Written by Judy Epstein Friday, 29 January 2010 00:00
Port Washington’s Superintendent of Schools Dr. Geoffrey Gordon will make his first presentation of the 2010-2011 school year expense budget at the Board of Education meeting on Feb. 2, but he is already warning that in the coming year, the district will face “a significantly higher reduction of state aid” to education, as announced by Governor Paterson last week. “I have been a superintendent for 18 years, eight of them here, and I’ve never seen anything like it,” Dr. Gordon said.
Assistant Superintendent Mary Callahan elaborated, “They say the cuts will average 5 percent around the state, but we are being cut more than 10 percent, based on our wealth.”
Among the cuts, says Dr. Gordon, “We will not be receiving federal funding for Drug and Alcohol Task Force; Title I money; or money for Teachers’ Centers.”
Callahan calls the new cuts “a double whammy” compared with last year, because “last year, they cut the budget by $800,000, but the amount cut was exactly equaled by the (Federal) stimulus money, so we remained ‘whole.’ This year, it’s a real cut, because it contains the Federal money already.”
Dr. Gordon praised the past efforts of both state Senator Craig Johnson and state Assemblywoman Michelle Schimel to regain money for the district, saying “they have been wonderful,” but he is not sure they can do the same this year. Callahan says a spokesman for state Comptroller DiNapoli’s office has told her that “the state government is spending $8 billion more a year than it is taking in.”
When revenues are reduced from state sources, Dr. Gordon warned, there are limited means of recourse other than property taxes. For example, money recouped from a tax decision involving Pall Corporation came in last spring at $956,000. “Half of that — $540,000 – was used to offset the property tax levy,” which is why Port Washington’s tax levy increase ended up being 2.05 percent while the school budget was passed with a 2.29 percent increase.
News regarding another long-awaited parcel of money was much more disappointing for Dr. Gordon. As reported in the Port Washington News of August 6, 2009, Port Washington was on the point of finally receiving $1.4 million of reimbursements for old capital projects from Albany when Governor Paterson decided to veto the authorization. “It was the only time I have ever seen anything done unanimously in Albany; they voted unanimously to reinstate this money for us – and the governor vetoed it,” said Dr. Gordon. He spoke animatedly of “countless hours of work” on the part of the staff, “with no benefit to us. Board members Rob Seiden and Jean-Marie Posner went to Albany with us; and after all that work, and a whole history of state practice to reinstate such money (to school districts) – for the first time, the governor changed horses for five districts,” of which Port was one. “He was speaking out of two sides of his mouth, to say he wanted to alleviate taxpayer burden, and then turn around and veto this – it falls right on the taxpayer! It’s a double standard, it’s precedent-breaking, and it’s unacceptable.”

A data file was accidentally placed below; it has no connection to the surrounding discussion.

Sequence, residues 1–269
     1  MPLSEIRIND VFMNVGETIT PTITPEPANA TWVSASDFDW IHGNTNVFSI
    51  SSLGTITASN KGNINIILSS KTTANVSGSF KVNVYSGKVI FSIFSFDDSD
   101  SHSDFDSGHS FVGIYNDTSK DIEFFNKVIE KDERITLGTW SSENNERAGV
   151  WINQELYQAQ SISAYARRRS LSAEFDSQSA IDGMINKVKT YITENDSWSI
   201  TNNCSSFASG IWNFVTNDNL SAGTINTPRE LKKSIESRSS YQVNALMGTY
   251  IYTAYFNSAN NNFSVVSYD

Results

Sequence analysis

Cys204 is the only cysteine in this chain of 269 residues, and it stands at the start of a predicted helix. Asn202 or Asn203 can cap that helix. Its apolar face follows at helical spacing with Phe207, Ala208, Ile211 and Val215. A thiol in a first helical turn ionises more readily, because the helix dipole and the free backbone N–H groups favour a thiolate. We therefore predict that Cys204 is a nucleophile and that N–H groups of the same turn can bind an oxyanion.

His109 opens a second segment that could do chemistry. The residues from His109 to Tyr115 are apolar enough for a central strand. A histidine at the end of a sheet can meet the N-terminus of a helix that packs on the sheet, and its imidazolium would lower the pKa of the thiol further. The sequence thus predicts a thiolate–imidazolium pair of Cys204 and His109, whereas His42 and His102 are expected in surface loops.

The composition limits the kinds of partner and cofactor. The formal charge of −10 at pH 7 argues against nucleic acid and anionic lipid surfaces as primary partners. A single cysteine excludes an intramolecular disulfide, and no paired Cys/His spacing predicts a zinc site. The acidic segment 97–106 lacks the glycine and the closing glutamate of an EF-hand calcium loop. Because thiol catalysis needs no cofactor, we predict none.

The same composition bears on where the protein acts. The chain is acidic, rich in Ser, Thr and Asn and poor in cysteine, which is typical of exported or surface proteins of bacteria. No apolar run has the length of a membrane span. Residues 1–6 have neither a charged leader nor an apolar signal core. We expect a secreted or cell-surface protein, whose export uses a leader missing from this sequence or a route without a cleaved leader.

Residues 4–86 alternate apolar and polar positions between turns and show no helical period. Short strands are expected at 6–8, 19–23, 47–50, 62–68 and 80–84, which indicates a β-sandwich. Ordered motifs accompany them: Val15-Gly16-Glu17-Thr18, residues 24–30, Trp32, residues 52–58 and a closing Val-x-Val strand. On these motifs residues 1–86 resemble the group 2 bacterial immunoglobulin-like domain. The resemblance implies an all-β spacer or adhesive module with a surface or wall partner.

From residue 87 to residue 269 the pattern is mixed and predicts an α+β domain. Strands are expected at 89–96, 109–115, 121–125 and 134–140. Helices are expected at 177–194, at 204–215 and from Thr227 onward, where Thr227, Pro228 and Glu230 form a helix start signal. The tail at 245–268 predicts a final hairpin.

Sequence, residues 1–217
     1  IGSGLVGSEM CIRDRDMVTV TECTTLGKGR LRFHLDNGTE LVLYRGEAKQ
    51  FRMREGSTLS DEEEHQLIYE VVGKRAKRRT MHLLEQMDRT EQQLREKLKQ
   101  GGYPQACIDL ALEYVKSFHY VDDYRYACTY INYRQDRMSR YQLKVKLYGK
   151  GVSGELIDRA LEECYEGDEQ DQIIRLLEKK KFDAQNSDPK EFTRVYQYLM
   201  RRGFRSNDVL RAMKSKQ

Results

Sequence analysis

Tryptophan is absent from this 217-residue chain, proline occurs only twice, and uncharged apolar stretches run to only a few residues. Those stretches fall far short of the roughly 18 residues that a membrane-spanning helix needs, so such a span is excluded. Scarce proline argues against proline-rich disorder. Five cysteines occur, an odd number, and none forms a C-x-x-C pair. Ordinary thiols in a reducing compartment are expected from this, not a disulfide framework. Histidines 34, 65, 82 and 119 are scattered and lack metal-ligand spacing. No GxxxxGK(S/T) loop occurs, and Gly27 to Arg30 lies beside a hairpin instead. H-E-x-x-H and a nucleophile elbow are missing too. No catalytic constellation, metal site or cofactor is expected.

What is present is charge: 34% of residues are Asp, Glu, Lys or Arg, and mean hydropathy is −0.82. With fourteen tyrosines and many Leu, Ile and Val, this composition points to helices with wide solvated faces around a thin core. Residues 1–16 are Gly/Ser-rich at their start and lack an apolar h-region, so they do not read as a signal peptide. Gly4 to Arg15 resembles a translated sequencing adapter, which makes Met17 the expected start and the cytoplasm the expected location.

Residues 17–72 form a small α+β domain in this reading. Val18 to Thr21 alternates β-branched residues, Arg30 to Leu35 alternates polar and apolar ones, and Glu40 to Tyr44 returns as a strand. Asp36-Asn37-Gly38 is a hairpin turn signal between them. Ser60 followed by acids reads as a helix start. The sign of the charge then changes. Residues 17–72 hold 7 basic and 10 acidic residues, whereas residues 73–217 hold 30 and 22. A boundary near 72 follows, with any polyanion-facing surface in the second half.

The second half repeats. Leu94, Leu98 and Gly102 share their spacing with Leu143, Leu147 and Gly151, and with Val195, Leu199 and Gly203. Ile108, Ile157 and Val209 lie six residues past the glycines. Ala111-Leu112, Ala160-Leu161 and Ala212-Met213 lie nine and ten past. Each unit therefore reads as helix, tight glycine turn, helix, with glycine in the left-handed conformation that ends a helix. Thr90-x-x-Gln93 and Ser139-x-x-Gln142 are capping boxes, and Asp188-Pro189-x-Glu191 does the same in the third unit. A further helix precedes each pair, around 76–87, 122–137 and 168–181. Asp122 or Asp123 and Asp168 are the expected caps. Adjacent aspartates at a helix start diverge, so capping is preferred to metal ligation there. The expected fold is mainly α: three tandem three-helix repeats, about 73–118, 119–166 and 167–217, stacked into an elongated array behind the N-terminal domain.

Even if Craig Johnson and Michelle Schimel succeed in bringing the matter up for vote again in the future, say Gordon and Callahan, it would necessarily be for less money, perhaps only half of $1 million, because the amount depends on documentation in state Education Department records, and “SED only keeps records for seven years.”
When asked what he thinks might be the impact of new leadership at the county level, Dr. Gordon replied, “It’s too soon to tell. Keep in mind, it’s not just a new county executive, it’s a new comptroller and other positions as well.” He is encouraged, however, by County Executive Mangano’s stated intention to rein in tax reassessments. He said, “Reassessments were killing us — when we’d raise our budget 2 percent, but it ends up going up 10 percent (because of reassessment) and people call us!”
Speaking of the overall budget process, Dr. Gordon said that on the expenditures side, “The budget won’t be finalized till the February presentation, and revenue won’t be finalized until far later than that.” The Feb. 2 board meeting is scheduled for 8 p.m. at Weber Middle School.